Your data

With Depiction, you can easily combine your own data with that from Depiction and public sources.

Spreadsheets and databases

Spreadsheet dataWhether it’s a list of employees, volunteers, or proposed facility locations, almost everybody has information stored in a spreadsheet or database. As long as the file contains columns with either addresses (e.g. street, city, zip) or a latitude/longitude (e.g. from a GPS unit), you can easily bring that information into your depiction.

Simply save the file (using the “Save As” or “Export” option from most spreadsheet or database programs) as a “CSV” format and then use Depiction’s Add>File feature to load it. CSV, or Comma Separated Values, is a generic format that serves as a common denominator between many different software programs.

Digital maps and images

Digital mapsThere are a couple of ways to bring maps and imagery into Depiction. You can simply load any image file of a map or satellite/aerial photo into your depiction (Add > File) and use the geo-align feature to quickly form-fit the picture against other images in your depiction.  

If the map or image is not saved in a file, but just on your screen (like when you view many specialized web map viewers), then simply grab a screenshot of what you see on your computer and save the image as a .jpg (jpeg) or .bmp (bitmap) image before importing into depiction.  There is even a specialized picture file format that contains geographic information built-into it: GeoTIFF. With these file types, you skip the geo-aligning step and simply load it – Depiction automatically aligns it in the right place in your world.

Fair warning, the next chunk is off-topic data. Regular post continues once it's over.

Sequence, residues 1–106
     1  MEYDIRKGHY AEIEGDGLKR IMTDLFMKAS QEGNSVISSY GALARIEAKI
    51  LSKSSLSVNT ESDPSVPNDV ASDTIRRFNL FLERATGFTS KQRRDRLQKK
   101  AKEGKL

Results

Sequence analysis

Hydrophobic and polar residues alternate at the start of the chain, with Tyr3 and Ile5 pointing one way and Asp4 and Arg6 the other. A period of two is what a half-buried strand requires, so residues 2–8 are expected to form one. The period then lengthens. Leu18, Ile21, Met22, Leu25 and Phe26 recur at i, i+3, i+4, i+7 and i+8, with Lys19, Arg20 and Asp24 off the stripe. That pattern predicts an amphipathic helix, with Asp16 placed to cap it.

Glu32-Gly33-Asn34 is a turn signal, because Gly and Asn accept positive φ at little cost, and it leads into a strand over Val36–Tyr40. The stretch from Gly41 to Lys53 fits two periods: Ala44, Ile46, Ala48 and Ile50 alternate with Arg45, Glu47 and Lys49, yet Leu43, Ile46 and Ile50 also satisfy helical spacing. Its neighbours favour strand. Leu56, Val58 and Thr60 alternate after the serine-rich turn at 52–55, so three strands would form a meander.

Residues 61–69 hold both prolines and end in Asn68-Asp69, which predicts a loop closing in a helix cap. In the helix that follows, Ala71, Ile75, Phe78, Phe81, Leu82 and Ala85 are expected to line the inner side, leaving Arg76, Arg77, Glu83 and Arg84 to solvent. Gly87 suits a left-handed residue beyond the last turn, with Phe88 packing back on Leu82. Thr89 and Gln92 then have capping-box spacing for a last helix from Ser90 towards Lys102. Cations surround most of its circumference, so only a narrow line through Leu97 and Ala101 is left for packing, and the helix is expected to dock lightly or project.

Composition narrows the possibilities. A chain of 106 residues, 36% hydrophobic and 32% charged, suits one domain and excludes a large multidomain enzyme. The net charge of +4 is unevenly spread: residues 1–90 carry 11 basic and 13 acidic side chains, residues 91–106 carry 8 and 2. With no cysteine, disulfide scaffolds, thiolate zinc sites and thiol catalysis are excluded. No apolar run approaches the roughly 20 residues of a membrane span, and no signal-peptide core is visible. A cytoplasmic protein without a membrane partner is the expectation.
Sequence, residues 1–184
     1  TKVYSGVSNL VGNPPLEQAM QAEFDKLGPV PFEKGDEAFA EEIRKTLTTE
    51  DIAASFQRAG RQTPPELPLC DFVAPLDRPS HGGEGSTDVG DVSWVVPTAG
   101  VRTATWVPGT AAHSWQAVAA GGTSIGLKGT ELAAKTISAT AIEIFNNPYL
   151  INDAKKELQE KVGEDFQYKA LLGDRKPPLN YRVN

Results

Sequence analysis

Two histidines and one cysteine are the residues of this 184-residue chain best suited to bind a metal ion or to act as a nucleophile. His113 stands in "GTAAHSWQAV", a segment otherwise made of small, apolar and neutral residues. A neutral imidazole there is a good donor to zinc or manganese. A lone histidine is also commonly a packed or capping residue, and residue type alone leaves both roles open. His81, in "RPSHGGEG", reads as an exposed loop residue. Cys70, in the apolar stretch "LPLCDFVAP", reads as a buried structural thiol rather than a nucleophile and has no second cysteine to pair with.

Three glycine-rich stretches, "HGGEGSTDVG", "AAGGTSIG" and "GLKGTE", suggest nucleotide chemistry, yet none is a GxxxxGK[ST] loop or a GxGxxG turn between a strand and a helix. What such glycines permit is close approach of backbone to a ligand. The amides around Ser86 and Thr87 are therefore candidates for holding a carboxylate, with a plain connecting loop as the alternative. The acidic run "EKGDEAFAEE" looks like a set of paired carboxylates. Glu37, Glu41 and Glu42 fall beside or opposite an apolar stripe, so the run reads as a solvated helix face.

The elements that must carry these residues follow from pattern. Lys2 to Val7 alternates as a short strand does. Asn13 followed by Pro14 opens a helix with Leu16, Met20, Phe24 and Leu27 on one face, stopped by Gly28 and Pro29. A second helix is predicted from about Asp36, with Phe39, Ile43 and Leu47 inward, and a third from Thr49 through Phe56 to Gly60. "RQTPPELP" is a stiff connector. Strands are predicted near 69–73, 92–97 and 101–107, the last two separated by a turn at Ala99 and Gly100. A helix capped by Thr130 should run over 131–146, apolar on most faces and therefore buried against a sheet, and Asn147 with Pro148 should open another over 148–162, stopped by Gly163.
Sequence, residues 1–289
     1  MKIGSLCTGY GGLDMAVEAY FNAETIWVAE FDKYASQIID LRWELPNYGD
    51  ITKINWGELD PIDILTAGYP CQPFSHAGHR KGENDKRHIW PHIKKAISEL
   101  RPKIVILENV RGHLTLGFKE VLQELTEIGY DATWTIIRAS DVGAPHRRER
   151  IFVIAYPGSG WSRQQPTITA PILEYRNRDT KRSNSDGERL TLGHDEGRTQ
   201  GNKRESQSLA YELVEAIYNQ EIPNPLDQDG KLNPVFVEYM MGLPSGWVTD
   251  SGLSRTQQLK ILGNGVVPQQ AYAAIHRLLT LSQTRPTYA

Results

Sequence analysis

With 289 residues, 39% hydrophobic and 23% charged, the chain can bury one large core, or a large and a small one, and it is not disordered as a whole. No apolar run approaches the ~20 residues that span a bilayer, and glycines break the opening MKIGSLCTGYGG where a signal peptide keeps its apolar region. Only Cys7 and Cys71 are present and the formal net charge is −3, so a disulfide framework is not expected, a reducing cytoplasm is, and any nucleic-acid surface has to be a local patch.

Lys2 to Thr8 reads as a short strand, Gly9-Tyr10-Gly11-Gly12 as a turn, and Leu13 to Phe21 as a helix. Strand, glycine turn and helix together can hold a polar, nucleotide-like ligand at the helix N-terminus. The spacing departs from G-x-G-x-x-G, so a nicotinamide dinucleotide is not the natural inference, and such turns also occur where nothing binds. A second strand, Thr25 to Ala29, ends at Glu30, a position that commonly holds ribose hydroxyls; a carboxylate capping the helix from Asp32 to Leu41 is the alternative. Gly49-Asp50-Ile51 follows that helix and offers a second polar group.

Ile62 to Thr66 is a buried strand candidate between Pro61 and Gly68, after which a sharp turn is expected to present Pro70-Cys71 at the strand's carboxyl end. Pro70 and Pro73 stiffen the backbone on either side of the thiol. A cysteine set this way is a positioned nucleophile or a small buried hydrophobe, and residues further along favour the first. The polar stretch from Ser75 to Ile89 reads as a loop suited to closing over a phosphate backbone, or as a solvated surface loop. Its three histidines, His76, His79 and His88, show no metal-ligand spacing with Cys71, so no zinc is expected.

Paper maps and images

Paper mapsBut what if you just have a tried-and-true paper map, or a fax all marked up with important route changes? No problem--either use a scanner to save it in a digital format or take a picture of it with a digital camera and then follow the suggestions above under “Digital maps and images”.

What to ask for
from your GIS team

“Geographic Information Systems” or GIS is a professional field of highly trained experts. Many cities, counties and businesses have a GIS staff member or team whose job it is to create, maintain and supply geographic data and maps for their constituents. So, if you have access to one of these professionals and would like some data from them to use in Depiction, here are the phrases to use that they will understand:

1. Request your data in shapefile format, a common industry standard for decades, created by the leading GIS company “ESRI”. The data will come back to you as a folder containing several files; from Depiction’s Add>File menu, you’ll click on the file with the “.shp” extension to load. Depiction automatically knows what to do with the others.

2. Depiction uses the WGS 84 and Mercator standards to integrate geo-data.

3. Whenever possible, get your data in Vector format (intelligent mathematical descriptions that can interact with other data) instead of Raster format (a “dumb” image that is basically a picture of the data)

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